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determine engine load with MAP or MAF?? 
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hello guys. i am trying to figure out, how you determine the engine load....
1)the fuel that needs to be injected, is depended only on the Engine load?? (assuming you target stoichometric). if it is depended on RPM as well, then why?

2) i get that the MAP Sensor, measures the vacuum of the manifold, and the MAF, measures the incoming air, But which one, gives the actual engine load??


Mon Jan 27, 2014 2:50 pm
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QFP80 - Contributor

Joined: Tue Feb 12, 2013 5:43 am
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Location: Scarborough, ON
1. The fuel is injected according to the engine load and the desired AFR. Where it gets interesting is that the engine load (and power available) varies with RPM due to the breathing ability and resonant effects. A 20% throttle opening at 4000 rpm will likely require a significantly different amount of fuel than the same throttle opening at 8000 rpm, even though the throttle position is the same.

2. Either can be used to determine engine load. MAP is typically less accurate, as the MAP timing window must be carefully selected to consider resonant fill effects, the IAT sensor must be properly calibrated (and is subject to heat soak - lean hot restart issues is a common complaint with MS), and other problems. MAF is typically far more accurate and easier to use - enter the transfer function into the firmware, and let it do its thing. If you don't know the transfer function, or you're adapting a MAF sensor from a different vehicle, then calibrating the MAF sensor can be quite difficult, to the point where it's simply easier to use a set of MAP and IAT sensors.

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Mon Jan 27, 2014 8:09 pm
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DonTZ125 wrote:
1. A 20% throttle opening at 4000 rpm will likely require a significantly different amount of fuel than the same throttle opening at 8000 rpm, even though the throttle position is the same.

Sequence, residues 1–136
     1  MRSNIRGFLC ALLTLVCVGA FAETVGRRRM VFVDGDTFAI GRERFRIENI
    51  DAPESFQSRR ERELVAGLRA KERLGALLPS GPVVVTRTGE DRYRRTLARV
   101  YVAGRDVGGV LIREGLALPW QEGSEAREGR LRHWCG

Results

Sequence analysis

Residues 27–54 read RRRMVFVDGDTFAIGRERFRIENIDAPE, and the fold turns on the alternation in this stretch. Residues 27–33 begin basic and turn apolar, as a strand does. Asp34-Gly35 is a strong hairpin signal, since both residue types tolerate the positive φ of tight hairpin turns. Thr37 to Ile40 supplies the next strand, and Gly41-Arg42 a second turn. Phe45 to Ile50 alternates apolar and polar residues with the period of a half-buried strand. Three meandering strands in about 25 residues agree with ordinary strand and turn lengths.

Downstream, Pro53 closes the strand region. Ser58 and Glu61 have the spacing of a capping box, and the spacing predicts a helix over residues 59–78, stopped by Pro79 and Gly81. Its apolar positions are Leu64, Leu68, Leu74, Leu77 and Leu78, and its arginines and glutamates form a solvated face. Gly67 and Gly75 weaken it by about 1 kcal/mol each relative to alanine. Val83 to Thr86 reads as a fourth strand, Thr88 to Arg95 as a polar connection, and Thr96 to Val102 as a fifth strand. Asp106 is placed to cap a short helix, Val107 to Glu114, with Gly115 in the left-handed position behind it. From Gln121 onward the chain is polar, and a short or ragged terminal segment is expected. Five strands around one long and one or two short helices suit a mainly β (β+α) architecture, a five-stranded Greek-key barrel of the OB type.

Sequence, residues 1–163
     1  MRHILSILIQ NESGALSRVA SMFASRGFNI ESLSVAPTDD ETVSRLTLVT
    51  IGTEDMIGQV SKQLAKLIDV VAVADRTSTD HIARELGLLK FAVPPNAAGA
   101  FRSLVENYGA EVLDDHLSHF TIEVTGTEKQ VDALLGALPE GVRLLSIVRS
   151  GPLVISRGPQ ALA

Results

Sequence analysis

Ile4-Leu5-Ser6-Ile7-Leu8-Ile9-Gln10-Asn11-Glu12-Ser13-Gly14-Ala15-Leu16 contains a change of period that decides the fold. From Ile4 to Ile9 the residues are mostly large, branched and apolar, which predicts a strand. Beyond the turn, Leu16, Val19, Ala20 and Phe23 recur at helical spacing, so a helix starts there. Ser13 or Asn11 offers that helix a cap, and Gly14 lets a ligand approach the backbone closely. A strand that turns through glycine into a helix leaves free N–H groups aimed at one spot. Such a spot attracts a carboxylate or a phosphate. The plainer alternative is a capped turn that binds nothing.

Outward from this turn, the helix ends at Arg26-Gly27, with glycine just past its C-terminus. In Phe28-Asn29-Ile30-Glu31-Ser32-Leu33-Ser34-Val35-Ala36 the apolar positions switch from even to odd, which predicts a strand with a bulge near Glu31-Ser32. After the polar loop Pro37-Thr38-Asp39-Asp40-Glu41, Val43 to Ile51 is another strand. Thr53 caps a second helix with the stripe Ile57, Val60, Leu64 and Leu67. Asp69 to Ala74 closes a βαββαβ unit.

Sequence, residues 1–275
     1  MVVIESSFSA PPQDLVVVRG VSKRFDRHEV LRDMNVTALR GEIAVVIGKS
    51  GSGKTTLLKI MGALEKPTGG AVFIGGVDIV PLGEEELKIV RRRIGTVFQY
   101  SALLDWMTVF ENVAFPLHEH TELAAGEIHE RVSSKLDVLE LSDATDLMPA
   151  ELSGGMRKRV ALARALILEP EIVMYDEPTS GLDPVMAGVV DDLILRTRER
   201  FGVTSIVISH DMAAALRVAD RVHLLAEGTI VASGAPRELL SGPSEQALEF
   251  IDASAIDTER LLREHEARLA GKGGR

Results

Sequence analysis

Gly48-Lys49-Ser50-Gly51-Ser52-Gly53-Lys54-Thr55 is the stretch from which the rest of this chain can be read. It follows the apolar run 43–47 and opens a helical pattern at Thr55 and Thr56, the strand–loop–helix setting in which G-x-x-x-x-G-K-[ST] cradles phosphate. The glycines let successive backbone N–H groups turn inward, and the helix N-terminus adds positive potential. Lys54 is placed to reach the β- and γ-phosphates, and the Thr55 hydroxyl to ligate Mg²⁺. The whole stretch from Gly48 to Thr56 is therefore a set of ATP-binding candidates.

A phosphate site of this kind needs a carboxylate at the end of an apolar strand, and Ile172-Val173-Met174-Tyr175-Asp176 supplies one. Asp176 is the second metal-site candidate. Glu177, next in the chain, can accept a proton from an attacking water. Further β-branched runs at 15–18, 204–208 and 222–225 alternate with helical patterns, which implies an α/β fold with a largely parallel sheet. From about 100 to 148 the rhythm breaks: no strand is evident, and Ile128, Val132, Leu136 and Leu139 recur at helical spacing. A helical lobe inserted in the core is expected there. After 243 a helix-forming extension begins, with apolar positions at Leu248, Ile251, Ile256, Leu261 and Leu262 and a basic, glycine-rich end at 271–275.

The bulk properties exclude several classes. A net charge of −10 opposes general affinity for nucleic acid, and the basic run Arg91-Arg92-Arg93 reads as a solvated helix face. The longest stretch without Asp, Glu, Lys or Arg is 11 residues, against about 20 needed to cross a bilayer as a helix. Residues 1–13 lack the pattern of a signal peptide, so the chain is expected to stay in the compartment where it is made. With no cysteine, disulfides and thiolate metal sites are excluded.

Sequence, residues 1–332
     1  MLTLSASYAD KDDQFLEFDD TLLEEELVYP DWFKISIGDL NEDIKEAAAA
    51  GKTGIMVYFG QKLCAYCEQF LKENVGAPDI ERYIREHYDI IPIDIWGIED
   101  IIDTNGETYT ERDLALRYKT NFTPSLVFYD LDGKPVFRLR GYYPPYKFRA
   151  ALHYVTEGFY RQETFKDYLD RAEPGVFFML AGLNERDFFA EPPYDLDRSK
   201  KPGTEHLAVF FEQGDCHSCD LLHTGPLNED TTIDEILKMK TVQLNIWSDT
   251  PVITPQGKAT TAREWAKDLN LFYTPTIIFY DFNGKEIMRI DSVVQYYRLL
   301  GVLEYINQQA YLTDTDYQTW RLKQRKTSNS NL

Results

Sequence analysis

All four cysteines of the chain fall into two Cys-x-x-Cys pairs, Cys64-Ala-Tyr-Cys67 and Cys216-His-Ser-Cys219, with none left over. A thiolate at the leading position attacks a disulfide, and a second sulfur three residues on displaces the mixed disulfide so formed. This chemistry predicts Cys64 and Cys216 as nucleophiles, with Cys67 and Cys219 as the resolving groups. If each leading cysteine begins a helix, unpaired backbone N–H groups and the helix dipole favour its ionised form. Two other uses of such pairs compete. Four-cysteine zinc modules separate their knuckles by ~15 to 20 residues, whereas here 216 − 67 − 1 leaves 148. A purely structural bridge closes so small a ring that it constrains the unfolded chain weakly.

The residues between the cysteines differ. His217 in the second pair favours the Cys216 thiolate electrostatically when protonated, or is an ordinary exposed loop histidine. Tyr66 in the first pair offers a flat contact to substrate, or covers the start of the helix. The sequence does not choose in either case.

yes, but isin't this reflected to the outpout of the MAF sensor?? i mean, at 20% throttle, and 4000rpm, the MAF outpout will be less than 20% throttle and 2000rpm ???

DonTZ125 wrote:
2.. MAF is typically far more accurate and easier to use - enter the transfer function into the firmware, and let it do its thing. If you don't know the transfer function, or you're adapting a MAF sensor from a different vehicle, then calibrating the MAF sensor can be quite difficult, to the point where it's simply easier to use a set of MAP and IAT sensors.


i want to use MAF, because it seems way more easier to implement, both mechanically, and in software.. but all the hardware (electronics), and software i will be using, are going to be made by me.
so, do i really need a transfer function??my plan so far was to :

determine the lower and max MAF values.
then make a table with 10 - 20 or whatever, MAF values
and then , fine tuen the best fuel needed for each, with the help of a wideband..

(if something of the above seems stupid, please adress them seperatly, so i can understand :P :P )


Mon Jan 27, 2014 8:20 pm
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QFP80 - Contributor

Joined: Tue Feb 12, 2013 5:43 am
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Location: Scarborough, ON
settra wrote:
DonTZ125 wrote:
1. A 20% throttle opening at 4000 rpm will likely require a significantly different amount of fuel than the same throttle opening at 8000 rpm, even though the throttle position is the same.


yes, but isin't this reflected to the outpout of the MAF sensor?? i mean, at 20% throttle, and 4000rpm, the MAF outpout will be less than 20% throttle and 2000rpm ???

The MAF sensor doesn't care what the rpm is, it reports what the air flow IS. 20% at 2k could be more that 20% at 4k, it could be less. Depends on the engine. Mine hits max power at 16500 rpm; yours is probably flowing zero air because the pistons went through the head.

Quote:
DonTZ125 wrote: